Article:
At 4,600' we were in Alpine territory and we had our first real views. Everybody was ready for a break so we stopped and had our second lunch break of the day. Above, Dan gets his first real views of the North Cascades.
Sorry to bomboard you w/ so many shots of camp, but it's one of my favorite parts of climbing. We got to see our route. You can see summit pinnacle in the distance; the central gully was choked w/ snow. The central gully is a 4th class scramble to the summit. It would be a whole different animal in the snow, I tried to discern the best route. I wanted to approach the "fan" at the bottom of the pinnacle from the right. As I studied the summit, I tried to imagine how it would look when we're up close and personal. It looked pretty darn steep from here, especially in the small constriction of snow. When I crawled into the tent, little did I know, I wouldn't see the route again until 1200 noon the following day.
Susie only slept seven minutes the night before and here, she enjoy's a few more z's. We had no idea how close to the summit we were. I figured we were within 200' and I could only hope the terrain would ease up. Normally 200' is just around the corner, on this day, we had to scratch and claw for every yard.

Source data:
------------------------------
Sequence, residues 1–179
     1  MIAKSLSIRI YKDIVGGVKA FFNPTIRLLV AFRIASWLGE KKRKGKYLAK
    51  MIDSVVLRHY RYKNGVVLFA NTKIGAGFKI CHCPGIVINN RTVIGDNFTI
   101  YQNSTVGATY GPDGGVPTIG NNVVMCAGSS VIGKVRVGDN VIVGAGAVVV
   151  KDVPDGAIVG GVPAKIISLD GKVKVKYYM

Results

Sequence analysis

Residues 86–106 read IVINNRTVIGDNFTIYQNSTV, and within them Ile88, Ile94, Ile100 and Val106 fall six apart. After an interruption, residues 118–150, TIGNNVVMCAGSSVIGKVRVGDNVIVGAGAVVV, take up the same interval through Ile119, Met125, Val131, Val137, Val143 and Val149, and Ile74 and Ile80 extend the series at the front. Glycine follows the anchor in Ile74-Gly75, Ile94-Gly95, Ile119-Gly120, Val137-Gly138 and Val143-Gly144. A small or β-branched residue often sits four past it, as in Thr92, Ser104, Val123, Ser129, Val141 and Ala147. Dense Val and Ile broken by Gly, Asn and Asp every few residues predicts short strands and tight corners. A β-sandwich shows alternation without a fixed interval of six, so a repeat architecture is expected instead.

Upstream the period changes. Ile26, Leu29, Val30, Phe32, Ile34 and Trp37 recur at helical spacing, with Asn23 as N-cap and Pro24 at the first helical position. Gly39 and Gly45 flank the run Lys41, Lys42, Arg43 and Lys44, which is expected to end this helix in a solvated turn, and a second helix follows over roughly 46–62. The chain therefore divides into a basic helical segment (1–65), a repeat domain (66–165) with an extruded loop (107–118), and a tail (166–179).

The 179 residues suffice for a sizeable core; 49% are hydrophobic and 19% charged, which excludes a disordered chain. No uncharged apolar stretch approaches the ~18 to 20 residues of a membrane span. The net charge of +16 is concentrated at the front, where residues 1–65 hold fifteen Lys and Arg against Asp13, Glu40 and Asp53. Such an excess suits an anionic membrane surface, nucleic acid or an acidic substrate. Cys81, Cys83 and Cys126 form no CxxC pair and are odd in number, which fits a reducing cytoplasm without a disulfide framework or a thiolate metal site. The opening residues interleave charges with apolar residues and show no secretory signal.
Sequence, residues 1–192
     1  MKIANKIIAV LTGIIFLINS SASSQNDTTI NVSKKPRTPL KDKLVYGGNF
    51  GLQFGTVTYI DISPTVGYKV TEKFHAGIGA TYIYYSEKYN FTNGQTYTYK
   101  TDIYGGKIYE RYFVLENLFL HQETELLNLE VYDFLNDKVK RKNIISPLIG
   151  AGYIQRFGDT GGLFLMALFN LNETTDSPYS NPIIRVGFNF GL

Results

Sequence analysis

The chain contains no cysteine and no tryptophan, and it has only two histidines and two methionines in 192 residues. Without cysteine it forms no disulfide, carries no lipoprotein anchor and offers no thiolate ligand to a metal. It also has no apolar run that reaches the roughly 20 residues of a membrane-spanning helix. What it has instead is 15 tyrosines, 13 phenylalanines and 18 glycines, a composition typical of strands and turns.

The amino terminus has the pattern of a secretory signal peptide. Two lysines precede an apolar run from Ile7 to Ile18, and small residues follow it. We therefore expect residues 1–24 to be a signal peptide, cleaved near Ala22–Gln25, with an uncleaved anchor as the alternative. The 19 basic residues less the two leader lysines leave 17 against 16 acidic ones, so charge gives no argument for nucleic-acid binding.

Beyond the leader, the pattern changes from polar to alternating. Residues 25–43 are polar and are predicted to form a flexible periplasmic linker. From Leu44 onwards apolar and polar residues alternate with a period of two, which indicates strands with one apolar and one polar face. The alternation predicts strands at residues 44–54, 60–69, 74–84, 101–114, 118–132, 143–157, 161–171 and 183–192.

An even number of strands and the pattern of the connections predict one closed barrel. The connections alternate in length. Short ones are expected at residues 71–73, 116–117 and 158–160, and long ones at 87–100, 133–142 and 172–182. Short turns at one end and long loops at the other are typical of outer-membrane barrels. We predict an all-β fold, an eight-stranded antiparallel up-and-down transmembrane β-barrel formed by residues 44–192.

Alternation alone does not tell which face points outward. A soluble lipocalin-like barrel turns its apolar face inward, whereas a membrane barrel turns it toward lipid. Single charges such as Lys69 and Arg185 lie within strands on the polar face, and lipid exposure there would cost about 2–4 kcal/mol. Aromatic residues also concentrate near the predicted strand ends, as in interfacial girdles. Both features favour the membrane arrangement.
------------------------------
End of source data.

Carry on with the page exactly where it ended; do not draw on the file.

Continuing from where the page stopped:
Who's your Daddy? Dan? Wait a minute, it almost looks like the clouds are thinning?
The team begins decending the route. Little did we know, we were about to get some very dramatic views. The mood was a bit anxious. We had alot of work to do. This route took every trick I had in my bag. Down climbing most of the stuff was simply out of the question for our team. We ended up setting up a few rappels. I've never had to leave gear behind on a route and hated to do it. It's not really the money, just the principal. I looked around at my friends and almost all of them were worth the safety of rappelling versus the danger of down climbing; so we left some gear.
Snappy Bryon and I can finally smile. I know I took a few minutes to decompress when we reached the safety of the 45 degree slopes. For me, seeing our team laugh and joke in the safety of what will be forever known as "Poop Rock," was the most rewarding moment of the climb. As I said earlier, summits don't mean a bunch to me but seeing my friends basque in the sun after a huge days work, that's what it's all about.
Amy is the best. The rest is none of your guys' business.
Thanks for sharing in our adventure. I apologize for being so wordy but there's a little bit of Keith Garlinghouse in everybody.
Oh yeah, it was my 18th peak. I didn't have any excitement about this because Robyn Smith wasn' there. When we climb this mountain again in July, then it'll mean alot to me.